as a series of studies that lead to, and are followed by, more finished works. If a
student uses subject matter as the basis of a concentration, the work should show the
development of a visual language appropriate for that subject. The investigation of a
medium in and of itself, without a strong underlying visual idea, generally does not
constitute a successful concentration. Students should not submit group projects,
collaborations, and/or documentation of projects that merely require an extended
period of time to complete.
The list of possible concentration topics is infi nite. Below are examples of
concentrations. They are intended only to provide a sense of range and should not
necessarily be considered “better” ideas.
• An exploration of patterns and designs found in nature and/or culture
• A series of works that begins with representational interpretations and evolves
• A series of landscapes based upon personal experience of a particular place in
which composition and light are used to intensify artistic expression
• Design and execution of a children’s book
• Development of a series of identity products (logo, letterhead, signage, and so
on) for imaginary businesses
• A series of political cartoons using current events and images
• Abstractions developed from cells and other microscopic images
• Interpretive portraiture or figure studies that emphasize dramatic composition
• A personal or family history communicated through symbols or imagery
• A series of fabric designs, apparel designs, or weavings used to express
Because the range of possible concentrations is so wide, the number of works the
student creates should be dictated by the focus of the investigation. The chosen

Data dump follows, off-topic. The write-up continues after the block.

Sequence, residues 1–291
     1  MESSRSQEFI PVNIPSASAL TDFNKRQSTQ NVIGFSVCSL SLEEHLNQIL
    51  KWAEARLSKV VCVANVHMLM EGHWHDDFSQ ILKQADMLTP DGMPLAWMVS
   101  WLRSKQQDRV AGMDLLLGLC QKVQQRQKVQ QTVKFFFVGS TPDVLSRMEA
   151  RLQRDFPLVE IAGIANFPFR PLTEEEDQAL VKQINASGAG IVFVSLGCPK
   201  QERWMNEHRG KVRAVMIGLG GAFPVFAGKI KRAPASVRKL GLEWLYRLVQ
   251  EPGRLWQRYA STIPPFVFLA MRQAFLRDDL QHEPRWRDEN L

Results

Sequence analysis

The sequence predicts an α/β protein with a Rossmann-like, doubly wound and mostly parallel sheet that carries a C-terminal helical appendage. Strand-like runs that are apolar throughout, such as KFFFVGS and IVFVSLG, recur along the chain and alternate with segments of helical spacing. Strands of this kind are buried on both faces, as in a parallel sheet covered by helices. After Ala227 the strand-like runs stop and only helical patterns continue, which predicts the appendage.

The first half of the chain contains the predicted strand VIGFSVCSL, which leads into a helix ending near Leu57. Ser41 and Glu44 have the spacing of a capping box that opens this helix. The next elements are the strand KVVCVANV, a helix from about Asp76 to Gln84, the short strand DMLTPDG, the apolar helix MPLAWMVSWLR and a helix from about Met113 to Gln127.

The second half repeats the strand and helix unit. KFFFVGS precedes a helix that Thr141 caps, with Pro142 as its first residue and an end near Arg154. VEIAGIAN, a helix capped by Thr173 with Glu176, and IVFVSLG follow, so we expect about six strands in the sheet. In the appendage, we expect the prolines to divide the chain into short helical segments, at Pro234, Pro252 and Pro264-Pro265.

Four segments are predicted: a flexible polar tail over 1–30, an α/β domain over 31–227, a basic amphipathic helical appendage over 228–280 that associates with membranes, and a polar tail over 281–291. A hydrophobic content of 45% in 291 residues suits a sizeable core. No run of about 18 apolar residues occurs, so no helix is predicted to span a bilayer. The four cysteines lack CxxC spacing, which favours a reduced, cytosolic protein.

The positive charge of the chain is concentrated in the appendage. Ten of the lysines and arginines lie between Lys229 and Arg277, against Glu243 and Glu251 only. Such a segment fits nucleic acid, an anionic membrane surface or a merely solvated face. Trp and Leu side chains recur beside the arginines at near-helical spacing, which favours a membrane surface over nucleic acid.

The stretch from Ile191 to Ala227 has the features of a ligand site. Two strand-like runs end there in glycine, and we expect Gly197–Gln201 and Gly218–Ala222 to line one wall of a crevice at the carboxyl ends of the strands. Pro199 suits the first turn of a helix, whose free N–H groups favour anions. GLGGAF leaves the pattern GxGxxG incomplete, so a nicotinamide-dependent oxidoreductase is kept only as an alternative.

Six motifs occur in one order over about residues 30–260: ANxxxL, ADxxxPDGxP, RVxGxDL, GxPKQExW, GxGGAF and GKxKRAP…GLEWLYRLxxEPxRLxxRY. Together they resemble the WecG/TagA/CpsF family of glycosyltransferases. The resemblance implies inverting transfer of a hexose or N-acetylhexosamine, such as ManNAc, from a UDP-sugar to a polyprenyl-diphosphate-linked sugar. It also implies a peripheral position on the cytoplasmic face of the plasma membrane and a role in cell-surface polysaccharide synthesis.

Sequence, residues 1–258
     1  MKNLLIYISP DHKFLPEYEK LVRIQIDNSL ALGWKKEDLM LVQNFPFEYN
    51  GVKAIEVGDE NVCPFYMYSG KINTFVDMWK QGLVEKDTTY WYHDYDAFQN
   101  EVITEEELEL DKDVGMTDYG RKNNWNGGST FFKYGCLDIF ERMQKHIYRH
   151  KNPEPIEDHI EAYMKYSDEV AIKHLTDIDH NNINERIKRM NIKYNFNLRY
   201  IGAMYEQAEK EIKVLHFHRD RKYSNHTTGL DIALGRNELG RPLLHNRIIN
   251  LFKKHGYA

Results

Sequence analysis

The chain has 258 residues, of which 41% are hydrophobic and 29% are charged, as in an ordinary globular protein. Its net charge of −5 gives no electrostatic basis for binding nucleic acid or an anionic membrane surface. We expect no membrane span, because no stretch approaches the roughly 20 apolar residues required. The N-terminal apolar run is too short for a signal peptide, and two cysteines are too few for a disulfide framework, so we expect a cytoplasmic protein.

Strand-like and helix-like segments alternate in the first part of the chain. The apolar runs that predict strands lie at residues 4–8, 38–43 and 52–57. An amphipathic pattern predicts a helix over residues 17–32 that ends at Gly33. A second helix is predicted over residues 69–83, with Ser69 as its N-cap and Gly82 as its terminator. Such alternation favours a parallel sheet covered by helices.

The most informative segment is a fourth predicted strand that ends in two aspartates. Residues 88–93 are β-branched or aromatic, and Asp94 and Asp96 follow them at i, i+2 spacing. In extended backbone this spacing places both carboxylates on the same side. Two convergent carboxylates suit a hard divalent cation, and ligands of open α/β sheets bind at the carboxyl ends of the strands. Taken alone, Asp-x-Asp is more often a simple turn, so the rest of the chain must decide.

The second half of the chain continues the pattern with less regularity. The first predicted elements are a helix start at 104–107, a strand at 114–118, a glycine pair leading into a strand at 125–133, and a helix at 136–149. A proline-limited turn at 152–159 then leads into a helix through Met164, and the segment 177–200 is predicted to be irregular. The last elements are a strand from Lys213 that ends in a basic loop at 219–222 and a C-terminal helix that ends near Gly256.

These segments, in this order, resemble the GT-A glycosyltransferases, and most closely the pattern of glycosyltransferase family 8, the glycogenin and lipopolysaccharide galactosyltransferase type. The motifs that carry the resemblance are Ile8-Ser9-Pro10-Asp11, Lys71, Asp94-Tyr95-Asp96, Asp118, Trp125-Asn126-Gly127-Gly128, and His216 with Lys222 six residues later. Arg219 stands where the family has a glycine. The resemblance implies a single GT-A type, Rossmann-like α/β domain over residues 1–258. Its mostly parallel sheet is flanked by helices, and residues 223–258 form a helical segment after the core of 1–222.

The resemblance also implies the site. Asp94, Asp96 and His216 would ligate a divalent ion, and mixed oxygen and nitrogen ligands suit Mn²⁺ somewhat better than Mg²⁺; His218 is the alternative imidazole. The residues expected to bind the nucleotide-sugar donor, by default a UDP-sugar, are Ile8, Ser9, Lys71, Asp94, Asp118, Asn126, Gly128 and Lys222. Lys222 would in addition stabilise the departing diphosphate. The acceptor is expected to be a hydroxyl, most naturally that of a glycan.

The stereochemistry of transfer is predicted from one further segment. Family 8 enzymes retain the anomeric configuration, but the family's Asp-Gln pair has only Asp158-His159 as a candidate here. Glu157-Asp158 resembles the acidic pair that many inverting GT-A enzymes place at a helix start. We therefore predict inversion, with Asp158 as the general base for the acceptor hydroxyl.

visual idea should be explored to the greatest possible extent. In most cases, students
will produce more than 12 works and select from among them the works that best
represent the process of investigation. If a student has works that are not as well
resolved as others, but that help show the evolution of thinking and of the work, the
student should consider including them. The choice of works to submit should be
made to present the concentration as clearly as possible.
When preparing to upload the Section II, Concentration, images, the student
should give some thought to the sequence of images on the Web page. There is no
required order; rather, the images should be organized to best show the development
of the concentration. In most cases, this would be chronological.
Students may NOT submit images of the same work that they submit for Breadth.
Submitting images of the same work for Section II, Concentration, and
Section III, Breadth, may negatively affect a student’s score.
During the month of June, you need to make two museum visits, one to Camera
Obscura, the leading photo gallery in Denver, and one to the Denver Art Museum.
They have a fabulous photo exhibit up now. I’m willing to arrange a day that we can
all meet up and visit both places, if we can all agree on a date. Otherwise, you can go
on your own. You will be expected to complete a gallery visit reflection for each trip.
DENVER ART UMSEUM
Exposure: Photos from the Vault
On view through October 31, 2010
Dive into the depths of our photography collection in Exposure: Photos from the Vault. Featuring
more than 50 photographs—including many works that are on view at the DAM for the first time—
the photography department's premier exhibition includes iconic images by Ansel Adams, Diane
Arbus, Chuck Close, and Garry Winogrand alongside recent acquisitions by Petah Coyne, Shirin
Neshat, and others.
Exposure is located in the new Anthony and Delisa Mayer Photography Gallery on level seven of the
Hal Gould was a principal originator of the Camera Obscura Gallery in 1979 at the
corner of 13th and Bannock Streets in Denver. It now represents perhaps the finest
collection of Fine Art Photography between the East and West coasts of the United
States. Hal brings a lifetime of experience with both commercial and fine art
photography, and collecting. The Gallery has become a focus for learning and
viewing by folks from all around the world (most of whom 'discovered' the Gallery
and return to gaze upon walls with images, or to acquire the best collectables of both
classical and emerging artists).